Tag Archives: Sandy

Foreign Landscapes Inspire Creativity

What comes to mind when thinking of foreign landscapes? Are these far off countries? Or different planets? Do they only exist in fantasy fiction? Or are they birthed from Hollywood magic?

Wherever these landscapes originate, one fact is constant: foreign landscapes inspire creativity. At the heart of art is a cry of curiosity — a desire to explore what lies beyond the world as we understand it. This is why natural disasters, everyday home supplies, and destructible objects are bringing about some of the most creative art pieces to date.

Natural Disasters

Foriegn Landscapes Inspire ArtForces of nature often leave tragic sites in their trails but even in the most horrendous of circumstances, art can be found. Take for instance the landscape created from the Superstorm Sandy that hit New York in 2012.

In a parking lot in Queens, NY, 18 piles of sand reaching 30 feet tall were collected. After days of wind and rain, the sand dunes looked like ancient pyramids. Photographs of this site portray the art nature left behind.

Everyday Home Supplies

Repurposing home supplies to create art is increasing in popularity. With social media sites allowing people to share DIY projects, home improvement stores are no longer for fix-it materials only. Artists strive to incorporate three-dimensional shapes to liven up colors and concepts.

At the core of their purpose is a landscape worth replicating. It serves as a “touchstone” for the artist and inspires a piece of art that tells its story.

Destructible Objects

Foriegn Landscapes Inspire Art 1Artistic landscapes broaden the imagination and evoke emotions in all who get to experience them. At the annual Burning Man festival, a landscape of art installations is built. Every Labor Day weekend in a Nevada desert (USA), a “pop-up town” is created by festival attendees. This community contributes art that represents a blending of the divine and the idealistic. The entire festival is devoted to encouraging people to see life beyond their perspective.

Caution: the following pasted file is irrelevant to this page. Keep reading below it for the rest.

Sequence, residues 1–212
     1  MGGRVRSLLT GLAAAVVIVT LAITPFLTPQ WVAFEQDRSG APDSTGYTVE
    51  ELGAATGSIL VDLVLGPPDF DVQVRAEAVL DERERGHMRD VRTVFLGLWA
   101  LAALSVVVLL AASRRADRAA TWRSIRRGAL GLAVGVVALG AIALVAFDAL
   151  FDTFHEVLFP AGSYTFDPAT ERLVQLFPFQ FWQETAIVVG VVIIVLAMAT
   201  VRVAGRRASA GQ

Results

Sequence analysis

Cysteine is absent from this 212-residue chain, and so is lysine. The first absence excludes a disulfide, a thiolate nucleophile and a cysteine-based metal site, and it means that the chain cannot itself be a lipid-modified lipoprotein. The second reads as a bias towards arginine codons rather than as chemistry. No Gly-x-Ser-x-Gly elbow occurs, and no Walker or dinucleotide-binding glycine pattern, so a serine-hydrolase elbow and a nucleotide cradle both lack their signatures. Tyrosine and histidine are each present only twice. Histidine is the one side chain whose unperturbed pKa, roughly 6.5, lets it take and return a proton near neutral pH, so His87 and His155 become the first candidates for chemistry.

Art at the heart is about making the objective world a little easier to understand. Landscapes inspire ideas that are as visually stimulating and tangible as the landscape itself. It answers the curiosity of artists and evokes curiosity in observers.

Read more Segmation blog posts about Art at the Heart:

Lovers of Literature Get Lost in 250,000-Book Maze

Colors Change What is Beautiful

Art Therapy Treats more than the Heart

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Man Uses His Own Blood as an Art Medium

Many people would assume that an artist would use mediums such as paints, chalks, and charcoals to create pieces of art with. Without a doubt, these mediums are judged by most to be harmless. But when does an artist cross the line into using art mediums that might be considered inappropriate? This is the question some are asking Vincent Castiglia, an artist whose art medium is drawn from his own body.

Vincent Castiglia, an artist from New York, uses his blood as paint. He has been using this highly unique, watercolor-like medium for about a decade, and as a result has experienced success in his career as an artist. Castiglia commented that he purposely began using blood as paint, though in the beginning he merely “dabbed” it onto his drawings (made of pen and ink). Later he progressed to using blood to create whole paintings with.

How much blood does it take to craft just one painting? Castiglia said a 7-foot painting requires a potential 30 vials of blood. Reportedly, the out-of-the-box artist will take only “15 vials of blood at one time” from himself – he made the point that this amount of blood is smaller than the quantity in a blood bank donation.

Castiglia’s work is drawing attention from the media as well as from the art world. His paintings are popular and sell for up to $26,000. Part of the high cost of the pieces is attributed to the time it takes to complete them (some paintings take Castiglia months to finish).

When do you know that an artist has taken their desire for a creative art medium too far? When they begin to potentially harm theirself in the pursuit of creating innovative art? Some would say yes, this is going to far. Others would think pushing the limits to such a degree is good for an artist and shows a great amount of dedication to art itself. Everyone will no doubt have their own strong opinion on this point. There is one thing that cannot be argued about Vincent Castiglia’s artwork: It is literally a part of him.

http://www.huffingtonpost.com/2012/10/08/vincent-castiglia-artist-blood_n_1948333.html

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